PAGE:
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[kuh n-strikt] /kənˈstrɪkt/
verb (used with object)
to draw or press in; cause to contract or shrink; compress.
to slow or stop the natural course or development of:
Greed and aggressiveness constricted the nation's cultural life.
Origin of constrict
late Middle English
1375-1425 for earlier past participle sense; 1725-35 for current senses; late Middle English < Latin constrīctus (past participle of constringere to draw together, tie up), equivalent to con- con- + strīc- (variant stem of stringere to tie; see strict) + -tus past participle suffix
Related forms
nonconstricted, adjective
nonconstricting, adjective
unconstricted, adjective
well-constricted, adjective
1. cramp, squeeze, bind, tighten.
1. expand. Unabridged
Based on the Random House Dictionary, © Random House, Inc. 2015.
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Examples from the web for constrict
  • Unfortunately other arteries get affected and they start to constrict.
  • Levees constrict a river's path and raise its water level, which causes higher, faster flow.
  • Greenhouses work because they constrict convection currents, which carry away the heat.
  • And do not wear clothes that constrict the waist or abdomen.
  • Preferably something that uncovers the arms and doesn't constrict the body.
  • Both substances constrict blood vessels and transmit nerve impulses.
  • Close this nation, cow it, constrict it and you unravel its magic.
  • The real advance in acute medications is that they are not designed to constrict blood vessels, as many current medications do.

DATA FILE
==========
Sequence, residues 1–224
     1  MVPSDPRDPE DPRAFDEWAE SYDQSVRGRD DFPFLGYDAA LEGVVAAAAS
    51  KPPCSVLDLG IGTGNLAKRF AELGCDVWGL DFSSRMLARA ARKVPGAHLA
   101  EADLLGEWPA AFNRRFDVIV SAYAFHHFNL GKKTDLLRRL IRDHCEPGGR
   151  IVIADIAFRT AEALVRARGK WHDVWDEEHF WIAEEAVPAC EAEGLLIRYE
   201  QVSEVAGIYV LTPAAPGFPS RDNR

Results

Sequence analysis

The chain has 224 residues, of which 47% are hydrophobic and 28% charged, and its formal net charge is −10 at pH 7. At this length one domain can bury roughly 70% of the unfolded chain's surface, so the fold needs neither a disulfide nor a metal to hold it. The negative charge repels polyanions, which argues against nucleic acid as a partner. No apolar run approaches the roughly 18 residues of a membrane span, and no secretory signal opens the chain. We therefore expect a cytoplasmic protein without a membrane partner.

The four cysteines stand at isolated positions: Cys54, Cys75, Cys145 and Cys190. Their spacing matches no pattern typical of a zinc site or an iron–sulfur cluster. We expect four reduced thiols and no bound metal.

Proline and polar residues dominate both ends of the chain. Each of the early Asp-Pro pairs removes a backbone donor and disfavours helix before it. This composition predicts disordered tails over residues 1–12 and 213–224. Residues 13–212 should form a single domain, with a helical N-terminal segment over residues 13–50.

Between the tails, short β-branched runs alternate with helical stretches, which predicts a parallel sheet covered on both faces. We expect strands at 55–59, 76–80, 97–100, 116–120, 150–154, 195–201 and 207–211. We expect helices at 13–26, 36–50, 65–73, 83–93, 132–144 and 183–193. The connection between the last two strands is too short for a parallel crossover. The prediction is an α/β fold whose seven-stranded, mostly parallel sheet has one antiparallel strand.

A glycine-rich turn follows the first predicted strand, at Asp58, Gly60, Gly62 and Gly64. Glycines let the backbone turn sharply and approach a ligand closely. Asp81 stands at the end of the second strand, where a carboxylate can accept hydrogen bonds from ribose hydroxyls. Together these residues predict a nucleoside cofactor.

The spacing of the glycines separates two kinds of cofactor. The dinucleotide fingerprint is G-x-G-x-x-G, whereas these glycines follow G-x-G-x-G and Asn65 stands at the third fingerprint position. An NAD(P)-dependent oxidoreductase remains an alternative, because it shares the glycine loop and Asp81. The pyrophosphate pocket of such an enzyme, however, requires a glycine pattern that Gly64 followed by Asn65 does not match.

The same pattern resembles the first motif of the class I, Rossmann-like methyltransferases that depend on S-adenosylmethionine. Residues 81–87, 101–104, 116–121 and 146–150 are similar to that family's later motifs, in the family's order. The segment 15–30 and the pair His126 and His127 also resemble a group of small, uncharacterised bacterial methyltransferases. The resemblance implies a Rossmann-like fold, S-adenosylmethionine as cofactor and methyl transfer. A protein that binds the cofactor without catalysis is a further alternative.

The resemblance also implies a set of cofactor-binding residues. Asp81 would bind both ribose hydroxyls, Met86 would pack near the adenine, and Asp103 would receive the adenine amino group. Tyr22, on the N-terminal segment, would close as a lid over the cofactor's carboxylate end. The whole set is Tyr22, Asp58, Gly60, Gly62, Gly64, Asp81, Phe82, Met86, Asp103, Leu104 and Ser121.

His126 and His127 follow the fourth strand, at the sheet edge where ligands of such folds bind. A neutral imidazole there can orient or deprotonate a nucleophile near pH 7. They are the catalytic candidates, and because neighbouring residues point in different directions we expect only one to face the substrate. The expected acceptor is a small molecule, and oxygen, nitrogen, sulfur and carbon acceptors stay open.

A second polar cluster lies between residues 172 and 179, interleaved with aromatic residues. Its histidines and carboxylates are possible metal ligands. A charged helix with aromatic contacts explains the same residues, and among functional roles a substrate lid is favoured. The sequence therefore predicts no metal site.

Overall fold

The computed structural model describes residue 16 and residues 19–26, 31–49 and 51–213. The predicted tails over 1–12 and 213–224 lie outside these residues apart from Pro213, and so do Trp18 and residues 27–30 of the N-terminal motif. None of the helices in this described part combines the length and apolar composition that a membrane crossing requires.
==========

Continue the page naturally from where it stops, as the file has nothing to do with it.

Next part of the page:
• Too much rule of law and transparency would constrict the ruling clique's own freedom of maneuver.
  • He is unconnected with the tired old fights that constrict our politics.
British Dictionary definitions for constrict


verb (transitive)
to make smaller or narrower, esp by contracting at one place
to hold in or inhibit; limit
Word Origin
C18: from Latin constrictus compressed, from constringere to tie up together; see constrain
Collins English Dictionary - Complete & Unabridged 2012 Digital Edition
© William Collins Sons & Co. Ltd. 1979, 1986 © HarperCollins
Publishers 1998, 2000, 2003, 2005, 2006, 2007, 2009, 2012
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Word Origin and History for constrict

early 15c., from Latin constrictus, past participle of constringere "compress" (see constrain). A direct borrowing from Latin of the same word which, via French, became constrain. Related: Constricted; constricting.

Online Etymology Dictionary, © 2010 Douglas Harper
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constrict in Medicine

constrict con·strict (kən-strĭkt')
v. con·strict·ed, con·strict·ing, con·stricts
To make smaller or narrower especially by binding or squeezing.

The American Heritage® Stedman's Medical Dictionary
Copyright © 2002, 2001, 1995 by Houghton Mifflin Company. Published by Houghton Mifflin Company.
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